icon bookmark-bicon bookmarkicon cameraicon checkicon chevron downicon chevron lefticon chevron righticon chevron upicon closeicon v-compressicon downloadicon editicon v-expandicon fbicon fileicon filtericon flag ruicon full chevron downicon full chevron lefticon full chevron righticon full chevron upicon gpicon insicon mailicon moveicon-musicicon mutedicon nomutedicon okicon v-pauseicon v-playicon searchicon shareicon sign inicon sign upicon stepbackicon stepforicon swipe downicon tagicon tagsicon tgicon trashicon twicon vkicon yticon wticon fm
28 Aug, 2023 06:03

France to burn more coal this winter – Bloomberg 

The government has allowed the use of the fossil fuel to avoid power shortages, the news outlet says 
France to burn more coal this winter – Bloomberg 

France has extended permission for power generating companies to burn more coal in the coming months in order to prevent shortages this winter, Bloomberg has reported. 

The move comes as the output of utility major Electricite de France (EDF), which provides over half of France’s electricity, will reportedly remain below historical levels this winter due to problems with its fleet of nuclear reactors affected by stress corrosion, the outlet said. 

“Tension on the power system is currently lower than at the same period of last year,” the French Ecological Transition Ministry said, referring to the prospects of wind and solar output and a drop in energy consumption. “However, one must take all measures to ensure security of energy supply for the French in any event,” it added, noting the possibility that the conflict in Ukraine may not be over by winter or that the winter itself will be “very tough.”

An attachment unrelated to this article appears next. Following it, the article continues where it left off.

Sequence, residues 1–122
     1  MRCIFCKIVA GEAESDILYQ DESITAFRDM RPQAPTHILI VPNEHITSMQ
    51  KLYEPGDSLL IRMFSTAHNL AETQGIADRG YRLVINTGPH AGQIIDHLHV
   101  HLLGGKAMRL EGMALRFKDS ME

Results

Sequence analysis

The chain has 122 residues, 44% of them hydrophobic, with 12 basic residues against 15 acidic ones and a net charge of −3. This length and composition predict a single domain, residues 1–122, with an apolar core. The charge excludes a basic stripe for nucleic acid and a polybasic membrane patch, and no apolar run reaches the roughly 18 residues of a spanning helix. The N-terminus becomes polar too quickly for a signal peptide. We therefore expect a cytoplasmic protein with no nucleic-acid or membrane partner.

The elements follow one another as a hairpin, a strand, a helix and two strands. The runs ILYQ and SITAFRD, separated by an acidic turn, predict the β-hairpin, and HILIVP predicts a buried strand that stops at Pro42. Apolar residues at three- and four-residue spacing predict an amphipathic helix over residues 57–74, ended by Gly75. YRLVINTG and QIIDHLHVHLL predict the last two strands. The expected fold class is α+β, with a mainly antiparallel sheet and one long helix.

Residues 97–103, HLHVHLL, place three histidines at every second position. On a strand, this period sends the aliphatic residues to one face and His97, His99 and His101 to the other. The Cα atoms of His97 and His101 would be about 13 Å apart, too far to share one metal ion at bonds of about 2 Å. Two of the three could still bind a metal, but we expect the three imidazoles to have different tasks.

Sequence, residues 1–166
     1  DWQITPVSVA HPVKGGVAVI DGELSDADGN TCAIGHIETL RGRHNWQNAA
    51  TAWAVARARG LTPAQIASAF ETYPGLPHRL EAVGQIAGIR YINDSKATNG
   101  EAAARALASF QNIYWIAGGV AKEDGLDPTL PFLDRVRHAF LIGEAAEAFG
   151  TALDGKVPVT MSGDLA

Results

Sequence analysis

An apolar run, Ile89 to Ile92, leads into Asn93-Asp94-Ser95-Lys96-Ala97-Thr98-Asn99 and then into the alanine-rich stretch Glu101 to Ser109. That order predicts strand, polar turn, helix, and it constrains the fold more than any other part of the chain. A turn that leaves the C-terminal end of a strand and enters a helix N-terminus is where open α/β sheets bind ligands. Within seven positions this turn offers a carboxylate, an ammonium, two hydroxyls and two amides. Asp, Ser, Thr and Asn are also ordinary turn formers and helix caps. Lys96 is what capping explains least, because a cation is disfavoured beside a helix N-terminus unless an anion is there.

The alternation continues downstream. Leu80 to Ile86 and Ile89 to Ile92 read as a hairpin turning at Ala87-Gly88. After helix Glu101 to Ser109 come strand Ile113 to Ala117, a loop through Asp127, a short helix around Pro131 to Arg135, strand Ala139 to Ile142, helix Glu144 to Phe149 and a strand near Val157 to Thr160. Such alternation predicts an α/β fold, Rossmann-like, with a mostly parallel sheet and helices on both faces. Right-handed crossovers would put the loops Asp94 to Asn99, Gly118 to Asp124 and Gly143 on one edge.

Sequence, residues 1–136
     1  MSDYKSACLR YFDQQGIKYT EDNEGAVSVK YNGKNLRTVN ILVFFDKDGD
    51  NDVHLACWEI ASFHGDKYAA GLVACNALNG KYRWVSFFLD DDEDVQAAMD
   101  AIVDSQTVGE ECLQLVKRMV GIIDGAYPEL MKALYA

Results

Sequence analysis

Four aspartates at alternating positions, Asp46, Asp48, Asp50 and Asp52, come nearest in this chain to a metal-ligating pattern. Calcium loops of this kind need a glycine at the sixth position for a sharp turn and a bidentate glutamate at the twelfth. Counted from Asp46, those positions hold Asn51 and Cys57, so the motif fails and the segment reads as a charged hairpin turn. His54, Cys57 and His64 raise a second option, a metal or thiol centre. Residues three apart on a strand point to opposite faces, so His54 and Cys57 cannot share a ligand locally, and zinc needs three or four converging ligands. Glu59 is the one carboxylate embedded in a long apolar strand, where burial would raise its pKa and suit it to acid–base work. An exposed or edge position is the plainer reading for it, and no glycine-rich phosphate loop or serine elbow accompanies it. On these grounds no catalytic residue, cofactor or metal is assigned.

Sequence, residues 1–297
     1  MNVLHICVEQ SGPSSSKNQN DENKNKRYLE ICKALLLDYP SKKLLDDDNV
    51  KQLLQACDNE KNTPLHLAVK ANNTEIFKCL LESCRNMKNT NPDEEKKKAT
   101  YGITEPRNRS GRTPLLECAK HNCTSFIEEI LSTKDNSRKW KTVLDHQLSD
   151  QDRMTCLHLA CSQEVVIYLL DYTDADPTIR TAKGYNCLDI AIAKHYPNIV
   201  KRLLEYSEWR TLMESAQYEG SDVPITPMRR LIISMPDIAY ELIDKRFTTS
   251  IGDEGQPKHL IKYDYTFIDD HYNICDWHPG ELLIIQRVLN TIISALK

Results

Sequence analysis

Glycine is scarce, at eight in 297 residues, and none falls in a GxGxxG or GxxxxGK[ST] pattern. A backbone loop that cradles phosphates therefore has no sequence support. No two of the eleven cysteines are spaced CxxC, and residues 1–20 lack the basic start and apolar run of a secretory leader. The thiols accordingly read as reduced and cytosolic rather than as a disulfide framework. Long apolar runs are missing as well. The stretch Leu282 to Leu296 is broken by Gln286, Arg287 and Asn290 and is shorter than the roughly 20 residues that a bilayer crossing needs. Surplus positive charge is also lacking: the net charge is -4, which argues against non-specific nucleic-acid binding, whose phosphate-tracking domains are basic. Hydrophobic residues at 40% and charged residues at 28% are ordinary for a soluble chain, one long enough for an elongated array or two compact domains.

At the same time, the French government has tightened requirements for the operation of the country’s two remaining coal-fired power plants. Electricity producers will only be allowed to operate for up to 1,800 hours in the coming winter, or about 11 weeks, down from 2,500 hours last winter, according to the ministry. 

Under a government decree, coal-powered plants will have to pay more per ton of carbon dioxide released. 

Power prices in the EU soared last year following the bloc’s decision to abandon Russian energy as part of its sanctions policy. France, which was once a power exporter to the EU, had to rely heavily on electricity imports from neighboring countries last winter. Many of its nuclear power plants, which accounted for 70% of the country’s electricity output, have been offline for maintenance.

For more stories on economy & finance visit RT's business section